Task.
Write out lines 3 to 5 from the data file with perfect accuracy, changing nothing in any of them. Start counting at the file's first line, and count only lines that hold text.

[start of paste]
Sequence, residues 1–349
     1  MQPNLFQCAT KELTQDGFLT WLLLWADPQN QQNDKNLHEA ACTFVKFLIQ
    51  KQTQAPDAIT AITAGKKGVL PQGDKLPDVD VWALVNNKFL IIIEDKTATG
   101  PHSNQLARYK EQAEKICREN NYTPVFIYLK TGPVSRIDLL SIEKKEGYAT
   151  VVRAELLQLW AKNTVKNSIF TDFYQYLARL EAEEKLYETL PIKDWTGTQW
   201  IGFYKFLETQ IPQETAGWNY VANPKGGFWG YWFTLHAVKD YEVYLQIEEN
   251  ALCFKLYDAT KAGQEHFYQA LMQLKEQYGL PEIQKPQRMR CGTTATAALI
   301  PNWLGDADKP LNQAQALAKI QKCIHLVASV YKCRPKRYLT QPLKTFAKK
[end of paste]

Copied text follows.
    51  KQTQAPDAIT AITAGKKGVL PQGDKLPDVD VWALVNNKFL IIIEDKTATG
   101  PHSNQLARYK EQAEKICREN NYTPVFIYLK TGPVSRIDLL SIEKKEGYAT
   151  VVRAELLQLW AKNTVKNSIF TDFYQYLARL EAEEKLYETL PIKDWTGTQW